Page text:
07.12.2016 | National Centre for Biological Sciences

nachricht Transforming plant cells from generalists to specialists
07.12.2016 | Duke University

All articles from Life Sciences >>>

The most recent press releases about innovation >>>

Die letzten 5 Focus-News des innovations-reports im Überblick:

Im Focus: Significantly more productivity in USP lasers

In recent years, lasers with ultrashort pulses (USP) down to the femtosecond range have become established on an industrial scale. They could advance some applications with the much-lauded “cold ablation” – if that meant they would then achieve more throughput. A new generation of process engineering that will address this issue in particular will be discussed at the “4th UKP Workshop – Ultrafast Laser Technology” in April 2017.

Even back in the 1990s, scientists were comparing materials processing with nanosecond, picosecond and femtosesecond pulses. The result was surprising:...

Im Focus: Shape matters when light meets atom

Mapping the interaction of a single atom with a single photon may inform design of quantum devices

Have you ever wondered how you see the world? Vision is about photons of light, which are packets of energy, interacting with the atoms or molecules in what...

Im Focus: Novel silicon etching technique crafts 3-D gradient refractive index micro-optics

A multi-institutional research collaboration has created a novel approach for fabricating three-dimensional micro-optics through the shape-defined formation of porous silicon (PSi), with broad impacts in integrated optoelectronics, imaging, and photovoltaics.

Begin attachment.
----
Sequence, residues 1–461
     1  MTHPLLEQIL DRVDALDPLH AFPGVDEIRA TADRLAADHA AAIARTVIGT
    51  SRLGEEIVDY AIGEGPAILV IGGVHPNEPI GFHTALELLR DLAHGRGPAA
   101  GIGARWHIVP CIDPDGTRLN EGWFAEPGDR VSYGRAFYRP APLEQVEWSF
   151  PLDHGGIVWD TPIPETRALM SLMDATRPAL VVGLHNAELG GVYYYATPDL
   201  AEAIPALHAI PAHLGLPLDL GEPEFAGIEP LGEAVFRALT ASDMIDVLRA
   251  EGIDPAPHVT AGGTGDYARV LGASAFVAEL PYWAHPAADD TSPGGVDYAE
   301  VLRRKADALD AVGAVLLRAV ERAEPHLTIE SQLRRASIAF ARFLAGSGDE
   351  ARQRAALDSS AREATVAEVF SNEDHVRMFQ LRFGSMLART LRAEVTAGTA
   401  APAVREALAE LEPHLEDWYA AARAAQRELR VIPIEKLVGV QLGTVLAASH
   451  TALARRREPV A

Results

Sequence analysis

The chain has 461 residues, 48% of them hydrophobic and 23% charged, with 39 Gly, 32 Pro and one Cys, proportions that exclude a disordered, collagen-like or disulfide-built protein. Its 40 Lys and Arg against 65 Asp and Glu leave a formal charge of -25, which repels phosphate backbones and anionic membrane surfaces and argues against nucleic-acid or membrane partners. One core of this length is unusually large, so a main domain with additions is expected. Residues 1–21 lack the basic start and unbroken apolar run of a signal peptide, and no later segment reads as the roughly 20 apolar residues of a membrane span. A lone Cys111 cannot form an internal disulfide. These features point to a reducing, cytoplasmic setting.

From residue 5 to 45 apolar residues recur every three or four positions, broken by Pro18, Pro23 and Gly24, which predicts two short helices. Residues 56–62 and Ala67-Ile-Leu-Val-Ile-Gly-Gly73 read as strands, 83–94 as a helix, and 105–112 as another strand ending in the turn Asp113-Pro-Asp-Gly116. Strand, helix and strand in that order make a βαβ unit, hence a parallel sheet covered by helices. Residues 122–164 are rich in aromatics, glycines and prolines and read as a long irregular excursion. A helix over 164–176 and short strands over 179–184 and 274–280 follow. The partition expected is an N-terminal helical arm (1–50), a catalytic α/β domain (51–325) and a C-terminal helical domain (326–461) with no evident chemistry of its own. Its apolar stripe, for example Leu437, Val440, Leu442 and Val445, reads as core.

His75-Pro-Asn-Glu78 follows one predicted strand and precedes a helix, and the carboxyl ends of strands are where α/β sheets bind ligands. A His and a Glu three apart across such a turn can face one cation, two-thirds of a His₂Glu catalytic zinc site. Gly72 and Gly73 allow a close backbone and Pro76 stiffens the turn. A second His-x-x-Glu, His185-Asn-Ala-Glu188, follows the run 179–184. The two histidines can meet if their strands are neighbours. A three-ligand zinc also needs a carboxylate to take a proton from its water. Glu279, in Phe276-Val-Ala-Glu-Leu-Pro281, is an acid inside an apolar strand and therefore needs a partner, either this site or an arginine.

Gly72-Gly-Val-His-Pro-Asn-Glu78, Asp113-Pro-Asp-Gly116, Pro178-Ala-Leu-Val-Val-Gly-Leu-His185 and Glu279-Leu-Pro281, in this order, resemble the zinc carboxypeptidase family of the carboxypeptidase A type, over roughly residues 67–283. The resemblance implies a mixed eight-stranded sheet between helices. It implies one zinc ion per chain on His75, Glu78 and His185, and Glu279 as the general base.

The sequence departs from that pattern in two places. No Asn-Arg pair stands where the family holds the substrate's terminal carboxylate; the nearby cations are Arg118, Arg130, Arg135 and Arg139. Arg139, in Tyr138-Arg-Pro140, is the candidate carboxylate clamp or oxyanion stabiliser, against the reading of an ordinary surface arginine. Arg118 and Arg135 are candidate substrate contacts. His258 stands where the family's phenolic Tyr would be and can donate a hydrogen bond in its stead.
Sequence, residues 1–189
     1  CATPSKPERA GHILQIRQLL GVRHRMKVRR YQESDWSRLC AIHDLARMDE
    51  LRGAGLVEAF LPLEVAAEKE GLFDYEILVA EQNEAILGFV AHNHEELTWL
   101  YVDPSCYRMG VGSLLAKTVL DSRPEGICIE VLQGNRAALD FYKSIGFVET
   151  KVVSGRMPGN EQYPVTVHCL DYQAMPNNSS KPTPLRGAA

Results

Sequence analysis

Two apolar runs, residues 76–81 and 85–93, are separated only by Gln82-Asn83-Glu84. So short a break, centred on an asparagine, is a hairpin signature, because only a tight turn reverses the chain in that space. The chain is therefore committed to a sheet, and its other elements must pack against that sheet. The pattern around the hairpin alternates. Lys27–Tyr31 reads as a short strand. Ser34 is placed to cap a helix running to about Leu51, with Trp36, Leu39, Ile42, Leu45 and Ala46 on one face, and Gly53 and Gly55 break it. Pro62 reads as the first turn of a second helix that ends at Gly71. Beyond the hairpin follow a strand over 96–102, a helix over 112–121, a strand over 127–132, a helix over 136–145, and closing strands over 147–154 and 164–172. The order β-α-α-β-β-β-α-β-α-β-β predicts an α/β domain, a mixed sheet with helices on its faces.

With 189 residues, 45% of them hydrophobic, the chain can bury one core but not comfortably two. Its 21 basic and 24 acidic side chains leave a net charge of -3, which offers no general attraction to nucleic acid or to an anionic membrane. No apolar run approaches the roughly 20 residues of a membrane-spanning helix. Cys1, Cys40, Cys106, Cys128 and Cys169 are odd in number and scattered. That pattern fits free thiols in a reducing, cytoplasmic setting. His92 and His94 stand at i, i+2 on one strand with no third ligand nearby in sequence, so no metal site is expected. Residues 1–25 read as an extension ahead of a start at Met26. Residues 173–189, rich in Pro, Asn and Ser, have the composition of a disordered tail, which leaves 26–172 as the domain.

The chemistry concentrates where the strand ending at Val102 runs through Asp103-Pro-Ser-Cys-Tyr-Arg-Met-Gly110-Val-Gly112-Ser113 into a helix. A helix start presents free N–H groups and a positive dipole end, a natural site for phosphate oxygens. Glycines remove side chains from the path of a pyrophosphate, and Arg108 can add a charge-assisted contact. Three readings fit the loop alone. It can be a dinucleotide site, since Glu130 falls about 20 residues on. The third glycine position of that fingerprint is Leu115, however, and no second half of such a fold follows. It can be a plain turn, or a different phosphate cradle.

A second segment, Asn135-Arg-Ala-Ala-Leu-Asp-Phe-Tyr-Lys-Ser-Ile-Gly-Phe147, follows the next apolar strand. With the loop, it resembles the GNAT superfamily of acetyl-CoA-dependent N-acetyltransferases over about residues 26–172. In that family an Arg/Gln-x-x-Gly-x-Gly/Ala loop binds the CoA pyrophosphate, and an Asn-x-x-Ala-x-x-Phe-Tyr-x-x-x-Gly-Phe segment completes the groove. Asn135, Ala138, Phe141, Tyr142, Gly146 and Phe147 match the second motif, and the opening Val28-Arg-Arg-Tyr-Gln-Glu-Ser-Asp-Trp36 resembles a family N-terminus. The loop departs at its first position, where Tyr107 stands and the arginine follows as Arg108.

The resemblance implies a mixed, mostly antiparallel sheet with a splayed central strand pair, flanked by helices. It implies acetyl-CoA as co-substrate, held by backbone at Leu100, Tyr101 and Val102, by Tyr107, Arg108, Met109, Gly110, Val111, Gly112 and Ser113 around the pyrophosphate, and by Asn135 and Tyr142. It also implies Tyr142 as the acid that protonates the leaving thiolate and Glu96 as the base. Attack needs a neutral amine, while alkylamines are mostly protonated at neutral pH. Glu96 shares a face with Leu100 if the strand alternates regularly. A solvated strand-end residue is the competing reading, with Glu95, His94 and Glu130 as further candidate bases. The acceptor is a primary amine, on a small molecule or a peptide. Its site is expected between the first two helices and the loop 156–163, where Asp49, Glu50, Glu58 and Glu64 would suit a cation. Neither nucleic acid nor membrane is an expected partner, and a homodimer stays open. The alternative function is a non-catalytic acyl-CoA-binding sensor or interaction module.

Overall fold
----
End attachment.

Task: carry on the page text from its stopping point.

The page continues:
Working with colleagues at Stanford and The Dow Chemical Company, researchers at the University of Illinois at Urbana-Champaign fabricated 3-D birefringent...

Im Focus: Quantum Particles Form Droplets

In experiments with magnetic atoms conducted at extremely low temperatures, scientists have demonstrated a unique phase of matter: The atoms form a new type of quantum liquid or quantum droplet state. These so called quantum droplets may preserve their form in absence of external confinement because of quantum effects. The joint team of experimental physicists from Innsbruck and theoretical physicists from Hannover report on their findings in the journal Physical Review X.

“Our Quantum droplets are in the gas phase but they still drop like a rock,” explains experimental physicist Francesca Ferlaino when talking about the...

Im Focus: MADMAX: Max Planck Institute for Physics takes up axion research

The Max Planck Institute for Physics (MPP) is opening up a new research field. A workshop from November 21 - 22, 2016 will mark the start of activities for an innovative axion experiment. Axions are still only purely hypothetical particles. Their detection could solve two fundamental problems in particle physics: What dark matter consists of and why it has not yet been possible to directly observe a CP violation for the strong interaction.

The “MADMAX” project is the MPP’s commitment to axion research. Axions are so far only a theoretical prediction and are difficult to detect: on the one hand,...

All Focus news of the innovation-report >>>

Anzeige

Anzeige

Event News

ICTM Conference 2017: Production technology for turbomachine manufacturing of the future

16.11.2016 | Event News

Innovation Day Laser Technology – Laser Additive Manufacturing

01.11.2016 | Event News

#IC2S2: When Social Science meets Computer Science - GESIS will host the IC2S2 conference 2017

14.10.2016 | Event News

 
Latest News

NTU scientists build new ultrasound device using 3-D printing technology

07.12.2016 | Health and Medicine

The balancing act: An enzyme that links endocytosis to membrane recycling

07.12.2016 | Life Sciences

How to turn white fat brown

07.12.2016 | Health and Medicine

VideoLinks
B2B-VideoLinks
More VideoLinks >>>